Think back to 2003, when the Charlize Theron film Monster was released and nominated for an Oscar. At the time, people were saying the same thing about female directors — now that Jenkins made this award-worthy film, the problem has been solved and there's a place for women as directors now.

It then took her fourteen years before she was given Wonder WomanFourteen. Yes, even with all the positive press she gained from Monster, she had to lobby and push to be trusted with this property — the main reason being the major studios were afraid to give it to a woman.

Why though? Why weren't people pushing for Jenkins to reappear? Because, simply, she had fallen out of the public conciseness. People praised Monster, patted themselves on the back for being more inclusive and then went on doing exactly what they were doing before, without changing a thing.

Basically, I think Ava DuVernay is worried about the same thing happening here. The Hollywood system is one that’s made to keep people out. We, as Americans, have been programmed to like a certain thing from our films and movie stars. While we celebrate the diversity that Black Panther offers, we can all too quickly fall back into the same routine. Diversity, plain and simple, is something many people — at least us white males who haven't had to deal with the problems others have — don’t think about when viewing a film. We notice it when it stands out, but we don’t notice it when it disappears.

Which means, if we're not careful,  this entire movement has the chance to collapse on itself. Should it suddenly disappear and we get another 20 superhero films with all white casts and leads, most people wouldn’t think anything of it. That’s a problem.

Ava DuVernay is right to be concerned and right to keep pushing for diversity in these times. We’ve made great strides, yes, but the race is still in it’s earlier stages. We’ve only truly won when we reach this unconscious stage of viewing that still does include all genders, races, orientations, etc. When we start getting average or even bad films directed by people of color, ones that don’t necessarily make headlines left and right like A Wrinkle in Time, that’s when we’re really getting somewhere.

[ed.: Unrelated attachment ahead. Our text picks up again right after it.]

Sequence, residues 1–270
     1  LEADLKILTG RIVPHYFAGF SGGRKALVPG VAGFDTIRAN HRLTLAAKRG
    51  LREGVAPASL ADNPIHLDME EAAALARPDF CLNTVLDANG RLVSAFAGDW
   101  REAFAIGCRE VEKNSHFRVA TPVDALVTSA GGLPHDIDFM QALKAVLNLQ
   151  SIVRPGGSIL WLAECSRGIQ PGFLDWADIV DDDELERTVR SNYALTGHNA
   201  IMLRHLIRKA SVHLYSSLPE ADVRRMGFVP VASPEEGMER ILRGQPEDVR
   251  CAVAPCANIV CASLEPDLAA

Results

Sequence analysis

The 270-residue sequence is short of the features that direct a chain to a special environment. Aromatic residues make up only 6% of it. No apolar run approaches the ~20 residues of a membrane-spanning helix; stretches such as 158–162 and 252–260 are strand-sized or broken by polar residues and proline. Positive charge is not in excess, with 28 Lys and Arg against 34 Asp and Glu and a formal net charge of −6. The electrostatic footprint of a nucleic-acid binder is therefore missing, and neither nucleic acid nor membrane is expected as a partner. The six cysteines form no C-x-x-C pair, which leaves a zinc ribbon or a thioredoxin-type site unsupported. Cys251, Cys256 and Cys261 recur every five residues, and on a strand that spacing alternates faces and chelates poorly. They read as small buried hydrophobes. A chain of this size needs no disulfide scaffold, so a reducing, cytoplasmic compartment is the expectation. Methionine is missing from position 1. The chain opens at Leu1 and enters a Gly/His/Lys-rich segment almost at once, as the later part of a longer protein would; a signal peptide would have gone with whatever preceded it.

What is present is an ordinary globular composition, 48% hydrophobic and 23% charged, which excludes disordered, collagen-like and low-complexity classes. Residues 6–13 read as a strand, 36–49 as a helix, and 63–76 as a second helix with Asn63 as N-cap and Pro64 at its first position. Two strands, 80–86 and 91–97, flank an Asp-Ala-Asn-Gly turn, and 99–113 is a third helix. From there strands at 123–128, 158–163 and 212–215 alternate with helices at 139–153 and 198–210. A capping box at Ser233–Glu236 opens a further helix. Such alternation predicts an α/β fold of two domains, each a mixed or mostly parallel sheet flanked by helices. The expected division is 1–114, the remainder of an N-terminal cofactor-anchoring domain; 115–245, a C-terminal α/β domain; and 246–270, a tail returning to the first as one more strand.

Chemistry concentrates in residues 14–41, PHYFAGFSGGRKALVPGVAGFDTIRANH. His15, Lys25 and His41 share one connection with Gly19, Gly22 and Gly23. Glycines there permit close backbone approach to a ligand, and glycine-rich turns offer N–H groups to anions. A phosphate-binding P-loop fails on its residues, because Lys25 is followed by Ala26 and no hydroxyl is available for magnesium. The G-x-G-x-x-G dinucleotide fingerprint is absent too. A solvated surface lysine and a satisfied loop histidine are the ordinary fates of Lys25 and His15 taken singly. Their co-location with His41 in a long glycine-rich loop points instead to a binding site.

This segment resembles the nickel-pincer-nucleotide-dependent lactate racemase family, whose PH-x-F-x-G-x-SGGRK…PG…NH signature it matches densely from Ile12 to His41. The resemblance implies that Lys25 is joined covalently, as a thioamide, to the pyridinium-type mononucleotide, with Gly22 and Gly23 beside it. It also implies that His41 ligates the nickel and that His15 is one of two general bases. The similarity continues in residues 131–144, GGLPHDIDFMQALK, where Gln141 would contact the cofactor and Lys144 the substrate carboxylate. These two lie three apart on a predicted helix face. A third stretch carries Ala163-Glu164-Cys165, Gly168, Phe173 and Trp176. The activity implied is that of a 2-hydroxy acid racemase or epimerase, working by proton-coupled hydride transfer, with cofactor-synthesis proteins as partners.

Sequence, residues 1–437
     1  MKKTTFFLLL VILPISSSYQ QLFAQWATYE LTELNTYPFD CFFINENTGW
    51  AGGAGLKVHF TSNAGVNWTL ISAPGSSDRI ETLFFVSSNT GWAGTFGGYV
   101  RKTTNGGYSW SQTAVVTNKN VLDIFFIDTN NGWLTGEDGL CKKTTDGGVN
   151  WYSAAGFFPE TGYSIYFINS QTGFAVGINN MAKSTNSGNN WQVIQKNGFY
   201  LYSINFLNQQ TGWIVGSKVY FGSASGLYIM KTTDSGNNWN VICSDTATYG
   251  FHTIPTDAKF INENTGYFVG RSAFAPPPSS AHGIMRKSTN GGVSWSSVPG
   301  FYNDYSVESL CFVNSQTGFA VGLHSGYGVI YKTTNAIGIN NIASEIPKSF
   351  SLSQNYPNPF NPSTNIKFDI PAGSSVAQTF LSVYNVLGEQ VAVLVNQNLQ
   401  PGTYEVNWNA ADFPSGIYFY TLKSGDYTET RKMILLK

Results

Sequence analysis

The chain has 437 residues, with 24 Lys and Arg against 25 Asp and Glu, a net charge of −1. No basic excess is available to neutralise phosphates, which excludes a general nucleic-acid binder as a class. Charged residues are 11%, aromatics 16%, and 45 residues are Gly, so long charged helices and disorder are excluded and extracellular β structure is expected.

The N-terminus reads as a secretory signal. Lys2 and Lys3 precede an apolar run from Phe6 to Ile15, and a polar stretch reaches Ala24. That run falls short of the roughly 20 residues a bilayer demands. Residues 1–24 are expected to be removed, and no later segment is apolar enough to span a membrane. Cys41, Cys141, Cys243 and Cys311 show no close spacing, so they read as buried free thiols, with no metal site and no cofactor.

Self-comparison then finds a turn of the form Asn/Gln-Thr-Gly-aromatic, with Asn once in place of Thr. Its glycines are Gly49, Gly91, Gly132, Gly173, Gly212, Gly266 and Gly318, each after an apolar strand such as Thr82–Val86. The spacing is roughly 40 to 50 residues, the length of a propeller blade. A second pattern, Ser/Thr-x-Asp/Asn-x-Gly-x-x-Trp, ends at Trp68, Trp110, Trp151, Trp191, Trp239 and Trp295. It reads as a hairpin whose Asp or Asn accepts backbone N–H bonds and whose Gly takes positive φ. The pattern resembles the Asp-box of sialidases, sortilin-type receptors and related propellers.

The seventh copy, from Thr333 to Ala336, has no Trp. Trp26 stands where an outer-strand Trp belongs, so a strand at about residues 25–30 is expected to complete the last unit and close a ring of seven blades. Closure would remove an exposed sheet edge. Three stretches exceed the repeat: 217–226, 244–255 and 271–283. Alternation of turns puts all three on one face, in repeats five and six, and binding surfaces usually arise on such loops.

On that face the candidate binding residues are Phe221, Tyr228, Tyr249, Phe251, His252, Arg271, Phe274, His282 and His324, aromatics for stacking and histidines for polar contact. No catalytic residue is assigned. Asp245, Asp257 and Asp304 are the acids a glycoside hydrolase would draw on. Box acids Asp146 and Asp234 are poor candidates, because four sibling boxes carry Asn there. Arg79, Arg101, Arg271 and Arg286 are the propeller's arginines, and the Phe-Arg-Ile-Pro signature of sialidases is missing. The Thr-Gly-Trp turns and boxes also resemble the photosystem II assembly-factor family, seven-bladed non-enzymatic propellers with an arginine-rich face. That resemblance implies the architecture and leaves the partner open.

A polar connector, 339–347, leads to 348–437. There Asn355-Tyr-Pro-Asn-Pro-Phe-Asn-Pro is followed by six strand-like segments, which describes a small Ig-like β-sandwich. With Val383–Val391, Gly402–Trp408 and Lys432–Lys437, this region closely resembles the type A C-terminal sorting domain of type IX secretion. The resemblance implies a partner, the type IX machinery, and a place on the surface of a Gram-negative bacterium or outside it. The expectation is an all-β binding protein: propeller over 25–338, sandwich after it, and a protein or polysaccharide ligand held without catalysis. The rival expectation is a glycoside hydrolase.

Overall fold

Perhaps, then, unconscious is the wrong word to use in this situation. Perhaps it’s on us to make this happen. We know, from the past, that Hollywood only reacts when the people demand it to react. The system is never going to change unless we adamantly and passionately push for that change.

That means we, even as viewers and casual movie-goers, have a hand in all of this. Seek out the movies directed by females and people of color. Watch things that you might not be used to seeing and don’t rely solely on the big studio blockbusters. You vote with what you want to see by your wallet — should you go see movies like A Wrinkle in Time, Hollywood will take note and continue in that direction.

So, yes, that means it's on us to keep the movement going. No pressure, but let's try not to screw this one up. Ava DuVernay accurately points out that we’re only in the beginning stages. While a 45-year-old African-American woman being handed a budget over $100 million for the first time is an incredibly important event, I look forward to the day when this happens every other week in Hollywood.

We’re not there yet. But let’s try to be.